The valve further includes a valve assembly comprising an elongated shaft having a first end slidably mounted within the first annular bearing and a second end slidably mounted with the second annular bearing for reciprocal movement within the passage along a longitudinal axis of the elongated shaft. A valve body is mounted on the shaft and moved into and out of contact with the valve seat in response to the reciprocation of the shaft to fluidly close the passage when the valve body contacts the valve seat and fluidly open the passage when the valve body is spaced from the valve seat.

A dampening mechanism dampens the vibration of the shaft and comprises a guide mounted to the valve housing and having an inner surface defining a sleeve opening that is axially aligned with the shaft longitudinal axis and circumscribing the shaft. A sleeve is mounted to the shaft and has an outer surface shaped to be slidaby received within the sleeve opening. The movement of the shaft in a direction transverse from the shaft longitudinal axis results in contact between at least a portion of the sleeve and a portion of the guide to thereby retard the movement of the shaft in a direction other than along the shaft longitudinal axis.

Preferably, one of sleeve inner surface and guide outer surface has a rib projecting therefrom and the other of the sleeve inner surface and guide outer surface has a grooved formed therein, wherein the rib is received within the groove and the rib contacts a portion of the groove when the shaft moves in a direction transverse to the shaft longitudinal axis. The ribs and grooves comprise multiple pairs.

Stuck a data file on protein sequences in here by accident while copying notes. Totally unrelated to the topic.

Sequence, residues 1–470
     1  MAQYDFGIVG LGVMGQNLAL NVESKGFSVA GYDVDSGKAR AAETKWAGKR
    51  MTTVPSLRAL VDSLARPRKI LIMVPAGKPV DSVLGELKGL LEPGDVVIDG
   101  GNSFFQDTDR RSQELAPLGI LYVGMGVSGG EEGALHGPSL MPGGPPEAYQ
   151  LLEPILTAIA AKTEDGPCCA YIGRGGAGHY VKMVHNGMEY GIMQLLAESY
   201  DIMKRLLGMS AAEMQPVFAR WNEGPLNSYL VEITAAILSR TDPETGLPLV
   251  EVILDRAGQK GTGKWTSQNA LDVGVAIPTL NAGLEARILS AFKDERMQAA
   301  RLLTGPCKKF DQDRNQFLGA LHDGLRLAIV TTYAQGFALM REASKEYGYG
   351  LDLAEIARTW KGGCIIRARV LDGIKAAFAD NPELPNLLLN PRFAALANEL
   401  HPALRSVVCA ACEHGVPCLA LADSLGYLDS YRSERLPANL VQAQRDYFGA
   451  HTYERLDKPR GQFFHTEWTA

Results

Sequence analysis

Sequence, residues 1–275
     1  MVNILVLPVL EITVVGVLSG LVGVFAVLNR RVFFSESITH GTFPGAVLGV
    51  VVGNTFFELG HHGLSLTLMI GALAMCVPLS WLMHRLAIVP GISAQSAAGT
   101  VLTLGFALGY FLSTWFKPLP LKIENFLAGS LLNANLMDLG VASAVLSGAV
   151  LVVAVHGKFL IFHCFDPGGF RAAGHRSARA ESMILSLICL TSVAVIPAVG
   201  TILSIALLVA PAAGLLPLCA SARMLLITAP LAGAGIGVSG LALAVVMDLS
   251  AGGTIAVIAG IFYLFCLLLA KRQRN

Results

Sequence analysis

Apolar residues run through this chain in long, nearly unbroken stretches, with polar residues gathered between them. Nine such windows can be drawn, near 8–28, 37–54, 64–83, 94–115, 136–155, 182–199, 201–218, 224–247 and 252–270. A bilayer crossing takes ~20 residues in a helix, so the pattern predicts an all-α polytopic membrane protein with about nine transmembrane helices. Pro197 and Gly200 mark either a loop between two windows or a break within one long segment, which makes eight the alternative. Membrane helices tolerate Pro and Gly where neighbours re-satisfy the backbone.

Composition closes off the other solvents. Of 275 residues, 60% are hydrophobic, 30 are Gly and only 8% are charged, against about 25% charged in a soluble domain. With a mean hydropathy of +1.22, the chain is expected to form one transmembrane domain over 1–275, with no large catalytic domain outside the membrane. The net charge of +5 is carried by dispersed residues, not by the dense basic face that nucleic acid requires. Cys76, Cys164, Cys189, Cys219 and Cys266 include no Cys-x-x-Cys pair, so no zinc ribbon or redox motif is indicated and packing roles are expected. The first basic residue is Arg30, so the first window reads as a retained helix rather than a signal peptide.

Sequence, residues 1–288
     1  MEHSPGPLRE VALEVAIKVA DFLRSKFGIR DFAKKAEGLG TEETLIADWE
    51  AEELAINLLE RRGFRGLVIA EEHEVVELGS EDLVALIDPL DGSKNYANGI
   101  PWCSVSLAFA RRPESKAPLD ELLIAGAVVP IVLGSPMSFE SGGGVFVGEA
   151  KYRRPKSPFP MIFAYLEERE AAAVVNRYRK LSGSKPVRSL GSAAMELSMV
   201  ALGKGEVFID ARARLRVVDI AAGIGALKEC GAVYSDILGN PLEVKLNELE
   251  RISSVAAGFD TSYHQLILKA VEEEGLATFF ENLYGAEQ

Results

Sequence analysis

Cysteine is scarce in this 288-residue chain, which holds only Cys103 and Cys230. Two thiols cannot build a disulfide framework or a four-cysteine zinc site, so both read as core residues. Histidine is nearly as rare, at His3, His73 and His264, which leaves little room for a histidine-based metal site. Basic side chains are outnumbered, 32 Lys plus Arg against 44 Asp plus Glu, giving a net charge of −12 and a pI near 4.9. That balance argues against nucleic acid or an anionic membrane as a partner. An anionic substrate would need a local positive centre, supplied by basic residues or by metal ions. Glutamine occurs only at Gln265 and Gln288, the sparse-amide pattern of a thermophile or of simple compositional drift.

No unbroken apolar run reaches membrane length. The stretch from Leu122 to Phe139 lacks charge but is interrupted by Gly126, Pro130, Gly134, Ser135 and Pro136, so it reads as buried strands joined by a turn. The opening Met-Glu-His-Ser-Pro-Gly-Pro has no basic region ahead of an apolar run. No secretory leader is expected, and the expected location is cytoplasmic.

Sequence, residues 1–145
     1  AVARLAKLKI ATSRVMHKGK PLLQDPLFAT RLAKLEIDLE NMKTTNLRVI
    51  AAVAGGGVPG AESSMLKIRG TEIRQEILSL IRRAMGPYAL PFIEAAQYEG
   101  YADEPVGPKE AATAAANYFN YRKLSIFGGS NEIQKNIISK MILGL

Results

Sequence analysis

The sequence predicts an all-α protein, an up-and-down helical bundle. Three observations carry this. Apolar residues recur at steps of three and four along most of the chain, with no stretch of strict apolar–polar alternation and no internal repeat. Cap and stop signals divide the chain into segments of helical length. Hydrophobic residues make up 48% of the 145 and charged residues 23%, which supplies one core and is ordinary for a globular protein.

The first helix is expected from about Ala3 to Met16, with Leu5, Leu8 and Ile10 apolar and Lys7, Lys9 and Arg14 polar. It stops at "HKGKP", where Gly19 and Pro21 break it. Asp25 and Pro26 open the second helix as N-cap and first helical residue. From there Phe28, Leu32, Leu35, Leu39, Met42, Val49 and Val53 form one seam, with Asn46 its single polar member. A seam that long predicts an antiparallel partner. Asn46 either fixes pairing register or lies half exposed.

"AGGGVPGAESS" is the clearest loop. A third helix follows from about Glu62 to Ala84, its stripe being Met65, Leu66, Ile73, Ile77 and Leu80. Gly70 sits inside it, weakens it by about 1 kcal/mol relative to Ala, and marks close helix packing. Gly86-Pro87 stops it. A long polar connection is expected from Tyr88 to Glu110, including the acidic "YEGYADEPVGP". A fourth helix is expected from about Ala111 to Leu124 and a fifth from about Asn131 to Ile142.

The groove has opposed diverging side walls to define a open top for the groove in which the rib is received. The cross-sectional width of the open top is greater than the cross-sectional width of the rib at the open top when the rib is received within the groove. A bottom wall preferably connects the diverging side walls to define the groove with a cross-sectional profile having an increasing width from the open top to the bottom wall.

The rib preferably has a substantially constant-width cross-sectional profile. The width of the groove has a minimum width portion and the rib has a cross-sectional width less than the groove minimum width.

In another aspect, the invention relates to a valve for controlling the flow of fluid through a conduit having an upstream portion with a first fluid pressure and a downstream portion with a second fluid pressure. The valve comprises a valve housing defining a fluid passage having an inlet adapted to be fluidly connected to the upstream portion of the conduit and an outlet adapted to be fluidly connected to downstream portion of the conduit. A valve seat is disposed within the fluid passage.